Without Strong Property Rights, Free Trade Won't Help South Africa

The eagerness of the African National Congress to pursue a policy of land expropriation threatens to undermine the benefits of a continent-wide free trade area.

South African President Cyril Ramaphosa is getting more vocal about his support for the new African Continental Free Trade Area.

At the beginning of September, during the World Economic Forum in Cape Town, Ramaphosa even described the free trade area as possibly “the greatest opportunity for economies on the [African] continent to generate growth through trade.”

In a similar tone, last month at the G7 summit in France, Ramaphosa proudly exclaimed to an audience of world leaders that he is “confident this free trade agreement will unleash Africa’s [and presumably South Africa’s] economic potential.”

Undermining Private Property

While it’s great that Ramaphosa is showing such avid support for a continent-wide free trade area, there is potential that South Africa might very well get nothing out of the free trade area. If the government pushes this amendment forward, the nation will reap little to no benefit from the forthcoming free trade area.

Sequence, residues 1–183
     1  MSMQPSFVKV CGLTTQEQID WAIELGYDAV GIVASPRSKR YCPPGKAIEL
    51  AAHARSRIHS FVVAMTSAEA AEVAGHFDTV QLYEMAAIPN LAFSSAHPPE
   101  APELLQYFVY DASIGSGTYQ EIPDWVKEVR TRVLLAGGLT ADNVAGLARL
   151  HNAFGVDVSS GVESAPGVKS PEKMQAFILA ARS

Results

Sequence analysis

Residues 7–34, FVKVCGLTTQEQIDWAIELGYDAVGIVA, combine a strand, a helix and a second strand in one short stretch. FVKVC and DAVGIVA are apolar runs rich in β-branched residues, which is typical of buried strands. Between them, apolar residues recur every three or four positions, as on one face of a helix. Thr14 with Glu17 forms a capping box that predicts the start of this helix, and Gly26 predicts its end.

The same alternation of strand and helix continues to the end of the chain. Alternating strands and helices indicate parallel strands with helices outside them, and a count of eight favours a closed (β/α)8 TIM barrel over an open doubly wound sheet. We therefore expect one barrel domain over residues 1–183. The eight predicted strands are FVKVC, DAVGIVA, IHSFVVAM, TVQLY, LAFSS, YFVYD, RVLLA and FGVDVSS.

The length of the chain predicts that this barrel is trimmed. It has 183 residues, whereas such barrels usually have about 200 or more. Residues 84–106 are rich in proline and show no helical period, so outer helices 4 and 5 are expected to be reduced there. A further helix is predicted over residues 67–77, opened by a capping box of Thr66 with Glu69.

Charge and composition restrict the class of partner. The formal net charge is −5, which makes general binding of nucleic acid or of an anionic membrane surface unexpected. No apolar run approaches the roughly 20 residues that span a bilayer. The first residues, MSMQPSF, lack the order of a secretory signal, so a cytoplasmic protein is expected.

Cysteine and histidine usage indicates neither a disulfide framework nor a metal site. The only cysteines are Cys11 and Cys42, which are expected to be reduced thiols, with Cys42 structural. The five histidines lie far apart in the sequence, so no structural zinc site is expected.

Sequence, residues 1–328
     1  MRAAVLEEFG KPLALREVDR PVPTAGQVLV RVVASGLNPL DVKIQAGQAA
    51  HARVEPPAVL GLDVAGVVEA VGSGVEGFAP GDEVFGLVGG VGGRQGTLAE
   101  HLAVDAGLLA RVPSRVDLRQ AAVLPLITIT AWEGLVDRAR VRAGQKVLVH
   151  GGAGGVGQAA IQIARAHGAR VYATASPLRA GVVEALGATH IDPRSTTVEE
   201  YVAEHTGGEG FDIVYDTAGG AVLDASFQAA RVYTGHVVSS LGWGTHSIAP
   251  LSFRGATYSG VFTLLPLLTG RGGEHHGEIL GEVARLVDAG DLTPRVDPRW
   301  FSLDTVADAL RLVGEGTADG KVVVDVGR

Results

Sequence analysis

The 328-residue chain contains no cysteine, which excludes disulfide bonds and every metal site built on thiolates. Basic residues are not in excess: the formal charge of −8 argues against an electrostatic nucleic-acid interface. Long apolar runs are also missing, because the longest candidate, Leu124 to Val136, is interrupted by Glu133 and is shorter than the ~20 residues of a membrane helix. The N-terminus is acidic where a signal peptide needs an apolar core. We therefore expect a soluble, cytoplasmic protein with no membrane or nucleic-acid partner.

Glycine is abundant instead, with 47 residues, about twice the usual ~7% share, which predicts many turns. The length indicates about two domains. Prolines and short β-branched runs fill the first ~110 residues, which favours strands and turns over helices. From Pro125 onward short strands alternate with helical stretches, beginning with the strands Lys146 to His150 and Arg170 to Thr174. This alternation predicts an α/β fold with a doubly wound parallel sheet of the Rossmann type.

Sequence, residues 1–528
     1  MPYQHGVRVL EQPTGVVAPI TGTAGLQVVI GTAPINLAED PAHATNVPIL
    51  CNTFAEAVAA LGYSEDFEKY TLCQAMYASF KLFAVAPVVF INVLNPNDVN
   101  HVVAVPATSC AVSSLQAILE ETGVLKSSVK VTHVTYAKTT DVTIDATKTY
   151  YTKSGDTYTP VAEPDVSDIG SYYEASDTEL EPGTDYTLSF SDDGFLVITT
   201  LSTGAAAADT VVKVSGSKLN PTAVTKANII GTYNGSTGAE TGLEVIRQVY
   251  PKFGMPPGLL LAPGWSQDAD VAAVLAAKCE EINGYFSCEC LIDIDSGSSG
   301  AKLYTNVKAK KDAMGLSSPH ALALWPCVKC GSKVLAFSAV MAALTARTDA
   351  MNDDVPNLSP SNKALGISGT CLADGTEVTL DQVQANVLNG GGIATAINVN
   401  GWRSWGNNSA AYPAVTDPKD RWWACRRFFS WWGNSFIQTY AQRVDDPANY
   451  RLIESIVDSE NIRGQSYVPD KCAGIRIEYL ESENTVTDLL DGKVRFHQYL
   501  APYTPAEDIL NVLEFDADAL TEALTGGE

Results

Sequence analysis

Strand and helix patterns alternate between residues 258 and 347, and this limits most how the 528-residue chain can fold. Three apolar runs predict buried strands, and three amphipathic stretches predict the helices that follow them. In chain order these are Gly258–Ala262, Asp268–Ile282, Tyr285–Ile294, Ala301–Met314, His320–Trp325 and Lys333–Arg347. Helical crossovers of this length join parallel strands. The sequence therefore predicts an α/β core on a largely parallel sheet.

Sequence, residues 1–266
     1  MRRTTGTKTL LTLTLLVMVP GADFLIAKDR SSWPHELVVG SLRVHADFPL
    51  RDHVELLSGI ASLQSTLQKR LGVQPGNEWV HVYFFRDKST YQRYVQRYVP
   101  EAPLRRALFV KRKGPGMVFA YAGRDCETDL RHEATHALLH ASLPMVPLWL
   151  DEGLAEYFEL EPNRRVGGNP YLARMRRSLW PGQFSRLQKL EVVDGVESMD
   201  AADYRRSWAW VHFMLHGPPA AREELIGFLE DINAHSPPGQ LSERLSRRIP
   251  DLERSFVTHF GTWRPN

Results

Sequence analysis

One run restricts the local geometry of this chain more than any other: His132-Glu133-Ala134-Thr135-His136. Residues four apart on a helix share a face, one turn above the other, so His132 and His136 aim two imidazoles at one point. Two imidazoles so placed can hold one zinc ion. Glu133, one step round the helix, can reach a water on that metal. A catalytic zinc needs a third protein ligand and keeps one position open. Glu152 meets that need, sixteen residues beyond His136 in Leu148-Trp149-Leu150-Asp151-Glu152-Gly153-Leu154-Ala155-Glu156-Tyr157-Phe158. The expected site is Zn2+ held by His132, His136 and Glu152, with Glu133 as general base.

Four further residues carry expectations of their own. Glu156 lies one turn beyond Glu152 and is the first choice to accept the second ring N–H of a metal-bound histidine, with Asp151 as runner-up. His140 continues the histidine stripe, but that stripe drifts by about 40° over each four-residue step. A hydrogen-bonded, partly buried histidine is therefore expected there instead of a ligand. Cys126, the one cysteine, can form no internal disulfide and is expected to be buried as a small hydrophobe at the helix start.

This is because up to this point, the South African government has been on a crusade to amend Section 25 of its constitution, which would allow for the expropriation of land without compensation.

If the government pushes this amendment forward, then, contrary to Ramaphosa’s hopes, the nation will reap little to no benefit from the forthcoming free trade area.

That’s a shame because there’s a lot of good that would come from the trade area.

Lowering Trade Barriers Is Key

So far, 54 of the 55 African Union (AU) nations have signed on to the agreement, and although only 27 states have ratified it through their domestic governments, many more ratifications are expected in the coming months.

If all 55 AU nations ratify the free trade area, it’ll be the world’s largest free trade area, encompassing over 1.2 billion people and a GDP of more than $3 trillion—making it the fifth-largest market in the world.

One of the least complicated and fast-acting methods to grow Africa’s GDP is by lowering trade barriers as much as possible

Upon its introduction, the free trade area aims to immediately abolish 90% of tariffs on goods traded between member states.

Chris Hattingh, a researcher at the Free Market Foundation, recently noted that one of the least complicated and fast-acting methods to grow Africa’s GDP is by lowering trade barriers as much as possible.

Hattingh’s view is aligned with the United Nations’ projections, which forecast that the reduction of trade barriers under the free trade area could boost intra-African trade by as much as 52% and add billions to the continent’s economy within just a few years.

The Costs of Section 25

As Africa’s second-biggest economy and most industrialized economy, South Africa would clearly have much to gain from the new trade area.

However, the ANC's (African National Congress) eagerness to pursue a policy of land expropriation threatens to undermine the benefits of a continent-wide free trade area.